Monday, February 22, 2010

A New Era (part two)

I was thrown off-balance when Eli 8.6 didn't tell me he'd been sent to the principal. So sure-footed for years, but I knew right away that this was a new era.

In a way, though, I was relieved. I hadn't felt like I was very well-prepared to talk to him, because I hadn't had much time to think about how I wanted to frame the discussion. Plus, we were on our way to unicycle club, and it was going to be very hard to have a discussion (where I was sure he would be upset), then unicycle like nothing had happened.

So we unicycled at club and had a good time, as always. After that, we went home to take showers before we went to the Texas Stars hockey game. We had tickets on the glass, and we were both excited about sitting so close for the first time.

The longer Eli went without telling me, the less inclined I was to press him. Clearly, this was a big, whopper lie, and it seemed like the bigger hole he dug, the better our chances of getting him to understand how wrong it was to lie.

Sitting next to the glass at a hockey game is wonderful, even if there's a loudmouth woman sitting next to you who has a child that is totally unable of controlling himself and would be better off in a straitjacket.

I digress.

During warm-ups, while there were a bunch of other kids pounding the glass demanding pucks, Eli just stood by the glass and watched. He didn't even move. It was like that scene in The Natural where Glenn Close stands up in the bleachers and she's bathed in light.

Then Greg Rallo skated by and flipped a puck over the glass to Eli. Not all the glass pounding kids, not the yelling kids.

See, I told you it was like The Natural.
It was awesome. Actually, it was beyond awesome. Eli's face lit up like it was the best present he'd ever gotten, and in a way, it was. Believe me, Greg Rallo has two fans for life now.

During the game, I noticed that Eli didn't seem to be enjoying himself as much as he was last time, even though we both agreed that being on the glass was fantastic. I also noticed that he was coughing a little, and that usually means that he's getting sick.

We got home very late (about 10:15, and his bedtime on non-school night is 9:00), so he brushed his teeth and went to bed. He was barely even awake, so I didn't think he would tell us anything until the morning.

He would tell us in the morning, right?

Nope. Not a word. Saturday afternoon, he was going over to his best friend's house for his first sleepover, which was a big deal. All right, little man, I'll let you keep digging that hole because I love you, and I want to help you learn a lesson before it has a bad effect on your life later.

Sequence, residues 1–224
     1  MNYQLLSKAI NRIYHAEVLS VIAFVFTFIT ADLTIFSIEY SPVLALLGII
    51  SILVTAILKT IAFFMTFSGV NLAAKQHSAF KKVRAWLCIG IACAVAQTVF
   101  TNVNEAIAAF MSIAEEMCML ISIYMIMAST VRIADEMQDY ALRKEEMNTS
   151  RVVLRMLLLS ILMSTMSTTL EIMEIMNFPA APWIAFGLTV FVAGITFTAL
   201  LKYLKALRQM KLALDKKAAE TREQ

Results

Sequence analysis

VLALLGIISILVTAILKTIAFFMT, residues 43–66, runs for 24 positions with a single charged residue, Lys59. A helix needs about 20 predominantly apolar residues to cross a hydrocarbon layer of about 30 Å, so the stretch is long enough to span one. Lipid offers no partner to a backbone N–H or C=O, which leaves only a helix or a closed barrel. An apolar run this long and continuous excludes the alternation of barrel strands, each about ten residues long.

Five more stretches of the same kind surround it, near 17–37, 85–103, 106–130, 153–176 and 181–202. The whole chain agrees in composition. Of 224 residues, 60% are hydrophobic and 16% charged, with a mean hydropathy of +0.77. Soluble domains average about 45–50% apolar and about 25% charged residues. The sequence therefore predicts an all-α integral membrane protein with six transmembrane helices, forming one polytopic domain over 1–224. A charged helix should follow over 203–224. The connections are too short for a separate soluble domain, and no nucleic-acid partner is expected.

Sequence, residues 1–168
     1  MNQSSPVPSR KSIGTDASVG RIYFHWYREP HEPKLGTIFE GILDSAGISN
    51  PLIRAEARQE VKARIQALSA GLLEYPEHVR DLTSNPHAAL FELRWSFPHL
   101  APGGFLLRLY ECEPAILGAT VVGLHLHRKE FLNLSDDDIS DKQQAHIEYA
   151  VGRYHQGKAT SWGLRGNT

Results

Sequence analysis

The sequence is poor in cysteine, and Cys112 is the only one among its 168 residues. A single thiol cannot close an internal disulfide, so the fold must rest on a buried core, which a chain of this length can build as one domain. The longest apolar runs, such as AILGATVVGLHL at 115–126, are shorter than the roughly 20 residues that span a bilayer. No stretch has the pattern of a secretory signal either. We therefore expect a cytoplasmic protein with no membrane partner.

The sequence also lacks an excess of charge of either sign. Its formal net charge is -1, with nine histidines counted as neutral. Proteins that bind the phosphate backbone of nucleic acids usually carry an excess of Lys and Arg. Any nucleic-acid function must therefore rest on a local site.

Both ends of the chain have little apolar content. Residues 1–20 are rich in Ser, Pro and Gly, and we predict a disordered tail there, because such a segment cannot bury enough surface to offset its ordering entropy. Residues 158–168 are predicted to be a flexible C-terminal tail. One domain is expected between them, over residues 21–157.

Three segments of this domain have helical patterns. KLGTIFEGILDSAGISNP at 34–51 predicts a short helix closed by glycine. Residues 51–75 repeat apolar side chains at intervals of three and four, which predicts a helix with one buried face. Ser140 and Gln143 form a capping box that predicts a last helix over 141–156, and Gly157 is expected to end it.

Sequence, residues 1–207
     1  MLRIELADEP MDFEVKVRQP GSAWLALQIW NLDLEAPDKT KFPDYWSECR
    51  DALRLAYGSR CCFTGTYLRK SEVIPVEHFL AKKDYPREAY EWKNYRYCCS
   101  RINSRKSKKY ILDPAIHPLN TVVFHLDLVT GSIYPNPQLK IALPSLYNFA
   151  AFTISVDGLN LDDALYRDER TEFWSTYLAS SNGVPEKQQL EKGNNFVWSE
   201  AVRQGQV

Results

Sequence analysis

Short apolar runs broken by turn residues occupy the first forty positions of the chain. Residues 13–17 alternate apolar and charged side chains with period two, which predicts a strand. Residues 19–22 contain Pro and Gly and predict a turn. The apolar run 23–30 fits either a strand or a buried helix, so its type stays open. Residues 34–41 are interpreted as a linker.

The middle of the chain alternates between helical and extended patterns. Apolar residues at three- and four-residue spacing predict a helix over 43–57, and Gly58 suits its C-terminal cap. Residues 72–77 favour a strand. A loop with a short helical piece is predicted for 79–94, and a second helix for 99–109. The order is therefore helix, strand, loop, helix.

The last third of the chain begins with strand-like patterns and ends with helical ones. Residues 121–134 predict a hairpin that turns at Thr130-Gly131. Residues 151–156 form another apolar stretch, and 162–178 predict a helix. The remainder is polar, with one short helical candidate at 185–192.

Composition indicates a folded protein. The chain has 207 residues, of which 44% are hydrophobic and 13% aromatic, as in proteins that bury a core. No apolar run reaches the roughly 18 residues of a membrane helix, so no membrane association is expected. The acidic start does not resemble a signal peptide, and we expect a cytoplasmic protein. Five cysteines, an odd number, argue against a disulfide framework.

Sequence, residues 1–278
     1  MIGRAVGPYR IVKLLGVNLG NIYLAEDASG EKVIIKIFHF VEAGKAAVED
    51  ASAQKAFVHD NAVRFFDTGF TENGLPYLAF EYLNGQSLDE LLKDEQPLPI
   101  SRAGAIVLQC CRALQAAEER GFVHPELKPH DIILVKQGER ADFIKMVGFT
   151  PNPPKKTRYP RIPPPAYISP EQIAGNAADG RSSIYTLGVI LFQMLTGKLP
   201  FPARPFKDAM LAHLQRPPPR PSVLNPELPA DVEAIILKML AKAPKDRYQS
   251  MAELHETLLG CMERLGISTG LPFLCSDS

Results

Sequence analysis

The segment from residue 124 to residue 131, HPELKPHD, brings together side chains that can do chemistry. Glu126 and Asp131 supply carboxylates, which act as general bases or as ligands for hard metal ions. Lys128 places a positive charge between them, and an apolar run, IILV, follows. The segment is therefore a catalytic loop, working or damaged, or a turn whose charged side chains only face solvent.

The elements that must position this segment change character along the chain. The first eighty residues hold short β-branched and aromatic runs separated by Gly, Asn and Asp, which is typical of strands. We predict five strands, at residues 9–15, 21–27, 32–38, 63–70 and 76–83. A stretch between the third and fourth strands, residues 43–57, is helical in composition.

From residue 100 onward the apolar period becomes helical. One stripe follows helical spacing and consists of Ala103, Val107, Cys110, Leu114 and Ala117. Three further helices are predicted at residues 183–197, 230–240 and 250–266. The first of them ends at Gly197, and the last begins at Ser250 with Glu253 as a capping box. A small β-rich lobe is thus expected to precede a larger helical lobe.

It hurt, though. It made me sad in a way that I don't ever feel. I wanted to rewind to Friday and give him another chance to tell me, but I couldn't. It was already done.

We were going to ride on Sunday, and I was looking forward to it, but when he came back from his friend's house about noon, I could tell he wasn't right physically. His coughing was significantly worse, and he looked exhausted (he was, because they'd stayed up really late, which is what you do when you have a sleepover).

Great. It's been three days now, he still hasn't told us, and now he's sick.

I went ahead and rode on my own, still a little sick myself, and even on a 2.5 mile trail ride that was only modestly difficult, but my lungs burned like they were on fire. I was trying to unicycle carrying a refrigerator on my back. I was hoping that I would lose my balance and have to step off just so I would have an excuse for walking the rest of the way.

I didn't.

I thought about Eli, of course, and I realized something about our relationship: it had never been bittersweet, at least not after I'd gotten over the initial shock of fatherhood (which took a couple of years, really). Since then, It had been one big sugar rush, doing all kinds of awesome things together and genuinely enjoying each other's company. I'd never had such a happy, joyful relationship.

Now, it was going to get hard.

Sunday night? Not a word. I had agreed with Gloria that we would have to ask him on Monday (President's Day, and he was off from school), because we had to address it before he went back to school on Tuesday. I couldn't sleep that night, anxious and worried about our little man and what kind of lies he was telling himself in order to justify not being honest with us. Afraid, too, of how I would handle this, and whether I would start failing just when he needed me most.